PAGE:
And I think more importantly was that, you know, at least once a week, if not three or four times a week, my daughter Savannah would go in to these non-stop seizures. They call it status epilepticus. And she would go into a seizure that wouldn't remit on its own. And the way to stop it is to give a rectal valium-like drug. And so she was getting that rectal valium-like drug several times a week, and that completely stopped.

So here's an example where we took the genetic makeup of my daughter and we personalized medicine, you know, in a way. We took an already FDA approved drug and we gave it to her, and it was the only thing in 18 years that ever made a remote amount of difference in her life.

GOLDSTEIN: So I think that really gives us a concrete example of what we are hoping for. And one thing that's worth emphasizing is that you can actually ask what drugs work the best to undo the effect of the mutation in the laboratory assay instead of testing all the possible drugs in the patient. We move some of that experimentation out of the patient. And as more and more patients are genetically explained, our capacity to do that will grow.

HOBSON: Tracy, just before we let you go, what's the long-term prognosis for your daughter at this point?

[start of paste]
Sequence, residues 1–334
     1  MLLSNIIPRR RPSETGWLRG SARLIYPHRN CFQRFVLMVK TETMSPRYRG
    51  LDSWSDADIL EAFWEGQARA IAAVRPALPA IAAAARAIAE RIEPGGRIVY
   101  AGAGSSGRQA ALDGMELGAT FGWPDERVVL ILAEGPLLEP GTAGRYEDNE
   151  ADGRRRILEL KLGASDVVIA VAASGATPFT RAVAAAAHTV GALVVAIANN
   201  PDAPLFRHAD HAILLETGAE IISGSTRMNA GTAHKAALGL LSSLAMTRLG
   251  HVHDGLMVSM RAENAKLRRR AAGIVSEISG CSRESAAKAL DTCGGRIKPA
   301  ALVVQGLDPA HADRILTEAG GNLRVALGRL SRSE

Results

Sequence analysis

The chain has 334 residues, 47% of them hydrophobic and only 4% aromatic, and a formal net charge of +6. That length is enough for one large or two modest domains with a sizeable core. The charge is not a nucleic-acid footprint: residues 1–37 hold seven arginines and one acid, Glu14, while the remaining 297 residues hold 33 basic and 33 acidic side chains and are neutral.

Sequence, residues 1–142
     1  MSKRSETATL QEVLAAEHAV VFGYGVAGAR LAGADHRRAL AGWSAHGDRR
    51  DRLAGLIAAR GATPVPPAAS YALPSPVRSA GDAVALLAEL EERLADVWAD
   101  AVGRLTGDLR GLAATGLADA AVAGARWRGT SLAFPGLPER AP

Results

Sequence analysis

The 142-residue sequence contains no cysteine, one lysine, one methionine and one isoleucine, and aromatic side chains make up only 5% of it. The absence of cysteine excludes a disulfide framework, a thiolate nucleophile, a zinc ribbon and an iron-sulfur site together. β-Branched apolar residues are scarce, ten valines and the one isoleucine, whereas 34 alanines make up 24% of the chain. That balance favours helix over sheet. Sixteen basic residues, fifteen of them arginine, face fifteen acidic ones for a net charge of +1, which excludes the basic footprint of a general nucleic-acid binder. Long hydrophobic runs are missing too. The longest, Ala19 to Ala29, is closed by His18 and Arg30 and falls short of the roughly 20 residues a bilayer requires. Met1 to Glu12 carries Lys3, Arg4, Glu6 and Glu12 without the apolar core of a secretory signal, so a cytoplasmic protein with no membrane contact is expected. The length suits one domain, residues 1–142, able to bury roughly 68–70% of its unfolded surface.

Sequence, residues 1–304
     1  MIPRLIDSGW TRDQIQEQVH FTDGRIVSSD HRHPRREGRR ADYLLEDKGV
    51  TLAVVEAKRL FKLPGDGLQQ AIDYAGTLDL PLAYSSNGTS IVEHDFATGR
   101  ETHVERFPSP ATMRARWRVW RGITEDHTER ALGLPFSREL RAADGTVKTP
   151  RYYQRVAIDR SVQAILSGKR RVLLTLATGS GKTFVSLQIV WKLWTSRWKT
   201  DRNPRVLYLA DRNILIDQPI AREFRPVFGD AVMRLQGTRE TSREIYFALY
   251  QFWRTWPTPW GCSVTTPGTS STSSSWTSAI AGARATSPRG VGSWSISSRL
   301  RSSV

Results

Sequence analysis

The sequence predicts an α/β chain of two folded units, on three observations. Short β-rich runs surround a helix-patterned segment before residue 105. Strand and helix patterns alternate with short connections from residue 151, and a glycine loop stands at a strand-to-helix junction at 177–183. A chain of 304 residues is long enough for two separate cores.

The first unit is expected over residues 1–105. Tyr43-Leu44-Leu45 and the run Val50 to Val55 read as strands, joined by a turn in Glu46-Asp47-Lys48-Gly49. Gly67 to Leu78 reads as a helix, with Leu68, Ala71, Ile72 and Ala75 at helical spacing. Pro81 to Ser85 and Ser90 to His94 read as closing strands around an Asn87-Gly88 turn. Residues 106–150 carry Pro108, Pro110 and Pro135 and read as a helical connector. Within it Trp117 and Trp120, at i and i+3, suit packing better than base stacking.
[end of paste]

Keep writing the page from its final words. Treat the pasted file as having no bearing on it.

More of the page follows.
DIXON-SALAZAR: Well, having had as many seizures as she's had over the last 18 years, obviously, she is quite severely intellectually disabled. She is about a 5-year-old, even though she's 20 years old. And I think that she won't ever live independently, but I will tell you that having, you know, 100 percent of seizures be while she is asleep and coming off three medications like she has, it's like we're meeting her for the first time. She doesn't' spend 16 hours a day asleep. She talks. She can get her words out much more readily than she used to be able to. She's funny. She's bossy.

And it really is a whole new world for her. She can walk better. We don't, you know, guard her every step of the way that we used to because we were afraid she was going to crack her head open. It's really a whole new world for us. You know, we're afraid that the other shoe will drop at any minute, but we're enjoying every second of the break that we're getting.

HOBSON: We hope that improvement continues. Tracy Dixon-Salazar is associate research director of Citizens United for Research in Epilepsy. And we've also been speaking David Goldstein, director of the Duke Center for Human Genome Variation. Thanks to both of you.

GOLDSTEIN: It's been a pleasure. Thank you.


HOBSON: And still to come, passing on your books when you pass. Will that change with e-books? You're listening to HERE AND NOW. Transcript provided by NPR, Copyright NPR.